Rev. Derrick Elliott
Last month I read a story about a forest in New Zealand. The kauri tree stump kept itself alive by holding onto the roots of its neighboring trees, exchanging water and other vital resources. If one looks at the stump, it appears to be struggling to survive or die; however, it was supported by reaching out and connecting itself with the other surrounding trees’ root system. The other trees were the support system it needed to become healthy. This has gotten me to reflect on how we, as humanity, build our connections, camaraderie, and fellowship, and how the faith community can be a resource to strengthen humanity’s relationship with others and the Creator. Since we are becoming divided in this nation and amidst the present COVID-19 pandemic, we have lost sight of restoring healthy relationships in the kingdom of God and have forgotten to see each other as the beautiful creation of God, called by God to care for one another.
We are human beings and need healthy, healing, and life-giving relationships. By observing the kauri tree, we can see the value in forming a relationship with others. Humans all have emotions, hopes, desires, dreams, and needs to be met. Building connections, camaraderie, and fellowship, are the means for humanity to create the structure from where they are or have been mentally, physically, emotionally, and spiritually fit to face life. Moreover, building a relationship with God improves one’s life. God is calling us to be in a community with each other. In the epistles of Paul, he noted that we should be rooted and established in love. Being a part of a faith community can also help to be rooted in love. God loves us; in Christ’s teachings, there is love. I once read that love gives you the power to become what you want to be. Loving people are life-givers. This is connectedness.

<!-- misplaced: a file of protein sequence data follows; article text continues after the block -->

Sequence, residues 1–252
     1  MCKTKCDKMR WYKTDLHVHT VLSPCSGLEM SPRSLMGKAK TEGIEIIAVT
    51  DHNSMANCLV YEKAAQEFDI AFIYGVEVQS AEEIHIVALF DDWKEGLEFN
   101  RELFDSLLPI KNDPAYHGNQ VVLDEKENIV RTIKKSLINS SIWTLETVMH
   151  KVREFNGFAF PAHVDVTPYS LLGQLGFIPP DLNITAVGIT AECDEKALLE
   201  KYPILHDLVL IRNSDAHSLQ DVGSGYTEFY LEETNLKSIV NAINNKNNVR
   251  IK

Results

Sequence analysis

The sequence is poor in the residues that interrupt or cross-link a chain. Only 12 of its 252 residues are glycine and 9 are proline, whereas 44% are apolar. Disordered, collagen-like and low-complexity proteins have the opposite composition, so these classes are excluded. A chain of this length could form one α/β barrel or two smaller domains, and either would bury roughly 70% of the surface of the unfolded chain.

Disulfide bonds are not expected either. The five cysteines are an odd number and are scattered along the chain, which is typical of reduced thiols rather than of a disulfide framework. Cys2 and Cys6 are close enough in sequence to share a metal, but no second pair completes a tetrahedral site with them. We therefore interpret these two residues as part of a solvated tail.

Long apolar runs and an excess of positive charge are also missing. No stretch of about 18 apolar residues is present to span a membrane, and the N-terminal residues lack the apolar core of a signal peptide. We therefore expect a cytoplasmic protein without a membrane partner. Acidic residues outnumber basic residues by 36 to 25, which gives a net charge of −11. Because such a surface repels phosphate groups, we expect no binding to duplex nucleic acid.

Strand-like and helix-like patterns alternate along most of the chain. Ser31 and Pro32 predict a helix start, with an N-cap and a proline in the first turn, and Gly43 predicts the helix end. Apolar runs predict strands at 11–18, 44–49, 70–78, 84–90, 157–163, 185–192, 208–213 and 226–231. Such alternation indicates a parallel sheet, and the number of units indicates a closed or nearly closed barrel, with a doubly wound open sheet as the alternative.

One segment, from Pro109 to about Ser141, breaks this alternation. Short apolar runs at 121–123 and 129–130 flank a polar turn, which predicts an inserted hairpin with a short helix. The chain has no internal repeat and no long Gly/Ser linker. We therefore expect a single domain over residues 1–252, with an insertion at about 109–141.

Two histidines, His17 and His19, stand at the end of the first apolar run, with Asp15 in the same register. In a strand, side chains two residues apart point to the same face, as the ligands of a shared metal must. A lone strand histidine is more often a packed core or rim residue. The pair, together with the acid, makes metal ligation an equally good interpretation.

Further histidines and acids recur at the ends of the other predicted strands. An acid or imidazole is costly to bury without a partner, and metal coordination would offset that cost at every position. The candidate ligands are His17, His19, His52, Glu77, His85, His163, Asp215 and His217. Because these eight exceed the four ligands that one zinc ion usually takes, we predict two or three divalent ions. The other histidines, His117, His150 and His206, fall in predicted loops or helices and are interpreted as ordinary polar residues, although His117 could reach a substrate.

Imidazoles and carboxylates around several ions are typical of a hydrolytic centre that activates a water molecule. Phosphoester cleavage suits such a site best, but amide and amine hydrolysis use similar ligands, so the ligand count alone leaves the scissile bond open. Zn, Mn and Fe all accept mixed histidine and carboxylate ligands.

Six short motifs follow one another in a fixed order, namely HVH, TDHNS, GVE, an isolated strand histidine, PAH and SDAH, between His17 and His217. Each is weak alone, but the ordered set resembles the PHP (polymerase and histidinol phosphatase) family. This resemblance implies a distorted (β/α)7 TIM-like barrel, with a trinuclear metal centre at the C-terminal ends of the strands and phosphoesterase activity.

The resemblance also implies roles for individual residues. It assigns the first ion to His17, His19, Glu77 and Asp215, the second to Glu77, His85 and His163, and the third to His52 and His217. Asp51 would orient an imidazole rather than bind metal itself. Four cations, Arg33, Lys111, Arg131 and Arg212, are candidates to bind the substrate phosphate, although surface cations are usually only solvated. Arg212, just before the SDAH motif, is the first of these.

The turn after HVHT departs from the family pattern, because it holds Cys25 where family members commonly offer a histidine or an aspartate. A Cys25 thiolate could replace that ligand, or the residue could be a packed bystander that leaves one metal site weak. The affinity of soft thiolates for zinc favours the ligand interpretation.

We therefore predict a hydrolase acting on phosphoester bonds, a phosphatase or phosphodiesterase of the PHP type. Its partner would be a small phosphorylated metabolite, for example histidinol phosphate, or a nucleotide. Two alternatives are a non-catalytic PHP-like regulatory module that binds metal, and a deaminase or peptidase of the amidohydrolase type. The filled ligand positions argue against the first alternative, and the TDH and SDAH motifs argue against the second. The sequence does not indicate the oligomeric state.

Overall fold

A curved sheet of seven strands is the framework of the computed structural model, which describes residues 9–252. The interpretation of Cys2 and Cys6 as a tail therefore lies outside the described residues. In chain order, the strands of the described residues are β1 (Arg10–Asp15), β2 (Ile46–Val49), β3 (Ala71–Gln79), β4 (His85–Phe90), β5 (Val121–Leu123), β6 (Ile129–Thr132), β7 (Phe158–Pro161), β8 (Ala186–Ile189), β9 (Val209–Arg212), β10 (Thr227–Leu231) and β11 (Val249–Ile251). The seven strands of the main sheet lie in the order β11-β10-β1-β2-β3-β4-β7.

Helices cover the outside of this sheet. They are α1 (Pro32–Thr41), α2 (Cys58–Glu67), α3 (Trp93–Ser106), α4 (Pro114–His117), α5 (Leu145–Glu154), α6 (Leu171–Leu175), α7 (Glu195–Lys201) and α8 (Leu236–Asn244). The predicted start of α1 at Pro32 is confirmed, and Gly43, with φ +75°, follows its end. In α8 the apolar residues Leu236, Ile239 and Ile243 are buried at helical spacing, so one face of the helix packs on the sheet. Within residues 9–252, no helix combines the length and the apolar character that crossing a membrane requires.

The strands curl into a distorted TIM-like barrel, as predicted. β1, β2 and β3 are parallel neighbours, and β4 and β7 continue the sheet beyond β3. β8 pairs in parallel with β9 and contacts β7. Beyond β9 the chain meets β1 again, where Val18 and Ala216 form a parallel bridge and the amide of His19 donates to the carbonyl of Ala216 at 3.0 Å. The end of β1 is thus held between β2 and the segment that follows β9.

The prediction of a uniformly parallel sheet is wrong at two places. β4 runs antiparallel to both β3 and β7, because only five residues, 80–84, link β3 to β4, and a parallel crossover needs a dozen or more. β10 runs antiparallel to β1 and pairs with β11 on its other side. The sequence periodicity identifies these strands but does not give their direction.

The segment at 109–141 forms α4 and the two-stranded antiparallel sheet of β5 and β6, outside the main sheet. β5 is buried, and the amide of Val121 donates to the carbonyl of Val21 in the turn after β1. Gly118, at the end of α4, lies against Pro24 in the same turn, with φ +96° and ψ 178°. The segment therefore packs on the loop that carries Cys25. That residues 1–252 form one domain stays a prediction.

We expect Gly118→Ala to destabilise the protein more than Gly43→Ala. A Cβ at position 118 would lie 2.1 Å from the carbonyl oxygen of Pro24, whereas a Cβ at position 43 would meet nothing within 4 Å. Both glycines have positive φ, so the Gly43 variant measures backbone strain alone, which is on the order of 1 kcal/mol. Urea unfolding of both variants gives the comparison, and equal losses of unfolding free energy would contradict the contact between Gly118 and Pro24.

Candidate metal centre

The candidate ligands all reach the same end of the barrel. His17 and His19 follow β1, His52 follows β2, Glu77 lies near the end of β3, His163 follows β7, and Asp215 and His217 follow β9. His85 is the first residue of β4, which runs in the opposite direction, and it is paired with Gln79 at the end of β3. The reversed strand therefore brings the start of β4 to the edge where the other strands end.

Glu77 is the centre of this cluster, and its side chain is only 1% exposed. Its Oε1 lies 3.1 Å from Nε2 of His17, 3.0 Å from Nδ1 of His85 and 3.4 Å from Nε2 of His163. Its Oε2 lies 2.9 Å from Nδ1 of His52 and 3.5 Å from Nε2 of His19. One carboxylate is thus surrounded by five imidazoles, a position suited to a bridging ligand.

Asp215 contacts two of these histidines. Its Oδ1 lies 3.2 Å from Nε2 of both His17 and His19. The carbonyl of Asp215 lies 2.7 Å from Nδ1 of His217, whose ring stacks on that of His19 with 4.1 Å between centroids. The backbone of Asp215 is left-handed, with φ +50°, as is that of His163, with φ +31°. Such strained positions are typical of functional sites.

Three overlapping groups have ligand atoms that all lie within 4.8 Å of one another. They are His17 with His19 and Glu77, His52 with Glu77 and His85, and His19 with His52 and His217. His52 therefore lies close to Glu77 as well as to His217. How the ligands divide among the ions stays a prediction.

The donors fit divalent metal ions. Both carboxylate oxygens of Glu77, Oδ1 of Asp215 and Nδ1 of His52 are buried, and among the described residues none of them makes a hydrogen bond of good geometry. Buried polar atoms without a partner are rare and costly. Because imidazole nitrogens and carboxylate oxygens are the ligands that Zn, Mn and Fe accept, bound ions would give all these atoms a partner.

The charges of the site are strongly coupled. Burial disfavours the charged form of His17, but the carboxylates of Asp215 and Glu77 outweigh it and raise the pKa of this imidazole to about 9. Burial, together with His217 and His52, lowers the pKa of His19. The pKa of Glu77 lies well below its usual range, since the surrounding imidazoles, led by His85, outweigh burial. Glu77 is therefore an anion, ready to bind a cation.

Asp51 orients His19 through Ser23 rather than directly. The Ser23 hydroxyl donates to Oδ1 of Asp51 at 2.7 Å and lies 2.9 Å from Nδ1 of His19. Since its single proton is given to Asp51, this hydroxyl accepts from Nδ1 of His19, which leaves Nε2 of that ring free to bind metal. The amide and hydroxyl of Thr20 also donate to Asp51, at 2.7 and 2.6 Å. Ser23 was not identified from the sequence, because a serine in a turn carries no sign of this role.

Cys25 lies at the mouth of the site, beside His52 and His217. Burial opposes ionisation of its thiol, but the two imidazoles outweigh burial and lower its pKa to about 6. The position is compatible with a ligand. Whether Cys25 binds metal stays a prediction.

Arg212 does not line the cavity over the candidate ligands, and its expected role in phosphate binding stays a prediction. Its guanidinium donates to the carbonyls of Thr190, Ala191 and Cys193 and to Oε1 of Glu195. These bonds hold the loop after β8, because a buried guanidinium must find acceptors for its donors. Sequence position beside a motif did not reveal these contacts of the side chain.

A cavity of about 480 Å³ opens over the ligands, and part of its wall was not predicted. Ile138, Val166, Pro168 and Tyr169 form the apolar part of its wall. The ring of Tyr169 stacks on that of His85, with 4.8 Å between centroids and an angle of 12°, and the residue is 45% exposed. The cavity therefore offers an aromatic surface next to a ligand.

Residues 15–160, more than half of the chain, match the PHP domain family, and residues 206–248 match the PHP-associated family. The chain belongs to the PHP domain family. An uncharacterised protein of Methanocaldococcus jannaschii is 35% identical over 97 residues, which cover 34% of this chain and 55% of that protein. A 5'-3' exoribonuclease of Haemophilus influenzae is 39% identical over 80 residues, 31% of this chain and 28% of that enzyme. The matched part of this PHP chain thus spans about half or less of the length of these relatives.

According to new research led by Harvard T.H. Chan School of Public Health, individuals who attended religious services at least once a week were significantly less likely to die from “deaths of despair,” including deaths related to suicide, drug overdose, and alcohol poisoning. This study was published online in JAMA Psychiatry on May 6, 2020. Most people engage in connections, camaraderie, and fellowship at the start as children, and it seems easier for us to make those connections, camaraderie, and fellowship. However, as we get older, we tend to find it hard to build those last relationships. Attending a house of worship is one way to promote social connectedness. Remember, just like the stump in New Zealand, we also were designed to flourish in connectedness.